Tag Archives: Devon Joiner

Knigge Competition Winners Recital

The winners of the Knigge Competition in are as follows:

  1. Scott Meek, originally from Winnipeg Mantioba.
  2. Devon Joiner, Vancouver, British Columbia
  3. Magdelena von Eccher, Lethbridge, Alberta
  4. Christine Desjardins, Montreal, Quebec

The question about competition winners is always about consistency — that is can they do it again, and again. The answer for all of these performers is a resounding yes. You should look for all of the three award winning runners up in the future. As they continue studying, they will improve greatly.

Scott Meek again stands out as a finished pianist. There is no doubt in my mind that he can stand along side any of the biggest names in the world of concert pianists and hold his own. His playing of the Rachmaninov Etudes-Tableaux is as fine a reading as I’ve ever heard from the likes of even Sviatoslav Richter.

Of course I will be accused of grandstanding and over exaggerating. I deny that vehemently. There is a point during a performance, where you know that the performer has the strength of vision, the depth of understanding to paint the sound canvas with all the colours and drama the composer imbued his score with. In Rachmaninov’s case, that is the broadest of strokes the Romantic composers could use. It was crystal clear that Scott had control of the brush and knew how to paint the canvas with his own unique view of the composers work.

His Scriabin was as manic and frenetic as you would expect from the best Scriabin performers. The next work on his program showed off his uncanny ability to swtich gears and play in an entirely different style from another time period entirely and make it sound like it belonged in the program with the other more modern works.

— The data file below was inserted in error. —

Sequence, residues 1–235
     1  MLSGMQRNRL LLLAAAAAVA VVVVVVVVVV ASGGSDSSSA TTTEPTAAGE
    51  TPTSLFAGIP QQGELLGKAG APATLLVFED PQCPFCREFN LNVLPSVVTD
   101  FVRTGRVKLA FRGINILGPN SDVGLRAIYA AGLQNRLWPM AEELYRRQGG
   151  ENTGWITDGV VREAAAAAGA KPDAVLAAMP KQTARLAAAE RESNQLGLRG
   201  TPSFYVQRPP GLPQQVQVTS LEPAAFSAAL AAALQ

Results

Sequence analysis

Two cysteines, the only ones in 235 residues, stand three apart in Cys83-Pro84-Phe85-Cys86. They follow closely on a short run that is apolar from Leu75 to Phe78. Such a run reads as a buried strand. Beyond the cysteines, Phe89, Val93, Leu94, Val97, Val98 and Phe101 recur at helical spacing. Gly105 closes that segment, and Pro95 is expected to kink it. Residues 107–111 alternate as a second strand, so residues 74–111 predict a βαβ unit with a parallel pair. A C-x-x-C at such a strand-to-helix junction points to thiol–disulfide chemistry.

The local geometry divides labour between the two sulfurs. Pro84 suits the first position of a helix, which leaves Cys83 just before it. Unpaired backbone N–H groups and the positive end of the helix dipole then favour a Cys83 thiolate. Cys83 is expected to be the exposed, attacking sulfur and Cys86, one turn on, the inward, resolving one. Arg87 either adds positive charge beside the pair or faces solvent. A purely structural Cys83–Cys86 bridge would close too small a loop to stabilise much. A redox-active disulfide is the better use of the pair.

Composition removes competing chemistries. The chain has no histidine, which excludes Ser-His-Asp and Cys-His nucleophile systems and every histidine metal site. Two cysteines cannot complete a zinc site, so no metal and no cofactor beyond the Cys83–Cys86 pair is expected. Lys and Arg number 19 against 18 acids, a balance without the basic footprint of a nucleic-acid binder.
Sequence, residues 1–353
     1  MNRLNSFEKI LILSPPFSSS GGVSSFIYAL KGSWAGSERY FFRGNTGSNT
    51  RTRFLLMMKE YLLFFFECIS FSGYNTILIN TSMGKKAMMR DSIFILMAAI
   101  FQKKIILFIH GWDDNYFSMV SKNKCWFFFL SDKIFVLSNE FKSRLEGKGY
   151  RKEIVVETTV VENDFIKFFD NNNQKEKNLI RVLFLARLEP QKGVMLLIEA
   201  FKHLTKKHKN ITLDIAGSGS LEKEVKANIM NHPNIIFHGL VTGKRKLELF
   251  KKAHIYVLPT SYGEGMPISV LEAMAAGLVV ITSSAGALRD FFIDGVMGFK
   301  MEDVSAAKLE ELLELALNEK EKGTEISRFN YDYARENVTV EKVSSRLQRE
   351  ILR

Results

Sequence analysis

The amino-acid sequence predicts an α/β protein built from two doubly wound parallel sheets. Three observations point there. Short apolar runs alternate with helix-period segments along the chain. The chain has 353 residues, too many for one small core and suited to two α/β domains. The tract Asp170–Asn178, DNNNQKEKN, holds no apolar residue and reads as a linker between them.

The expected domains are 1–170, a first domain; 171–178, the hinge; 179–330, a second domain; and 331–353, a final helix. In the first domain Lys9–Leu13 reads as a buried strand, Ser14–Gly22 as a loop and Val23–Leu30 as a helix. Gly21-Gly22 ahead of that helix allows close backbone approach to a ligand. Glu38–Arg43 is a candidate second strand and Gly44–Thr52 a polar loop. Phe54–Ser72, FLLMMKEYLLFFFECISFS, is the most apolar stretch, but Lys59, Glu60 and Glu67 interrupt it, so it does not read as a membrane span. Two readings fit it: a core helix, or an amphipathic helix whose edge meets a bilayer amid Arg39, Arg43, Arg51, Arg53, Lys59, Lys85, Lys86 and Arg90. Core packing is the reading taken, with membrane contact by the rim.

The Mozart Fantasy in c minor K. 475 is justly famous, but is as enigmatic as it is famous. I confess that I have until now, not heard a performance I thought was convincing. Scott’s performance convinced me that the work was justly famous. Thank-you Scott.

With the required new composition by UBC composer Michael Tenzer, he showed himself capable of taking an unknown work, learning it, and performing it in a manner which made the work convincing as a composition. That is not easy to do with a work no one has heard and in a style he is unlikely to know well.

The last work on the program was the Ginastera Piano Sonata no. 1, opus 22. I have not heard this work for many years. It is rarely performed, unfortunately. It should be. It is a brilliant recital piece. Its fiendish difficulty should have convinced a few more pianists to attempt it just to prove they could play it. Unfortunately, we are more likely to hear Islamey; Balakirev ‘s massive error in judgement! This afternoon’s performance was exemplary. Scott managed the difficulties with apparent ease. I know the ease was only apparent, but part of the virtuosity is in making the impossibly difficult look dead easy.

One does not usually think of a classical piano recital in terms of visual effects, but there are times at which you had to actually see what was happening to appreciate it. There is a passage near the end of the work, the toccata-like section with the repeated notes in the base in a hammering spanish jota rhythm–left hand and right hand alternating like jack hammers. It appeared like one of Scott’s hands was poised motionless in one position above the keys for those minutes. This is an optical illusion which you are clearly aware of because you can hear that the sound coming from the piano means that the pianist is moving his hands–yet one hand appeared motionless in space while the other hand appeared as a transparent blurr near the level of the keys. As I said, you had to be there to believe it! This, I believe, is a YouTube moment if ever there was such a thing! Sadly, likely the frame rate of the video would not be sufficient to capture the action of the pianists fingers.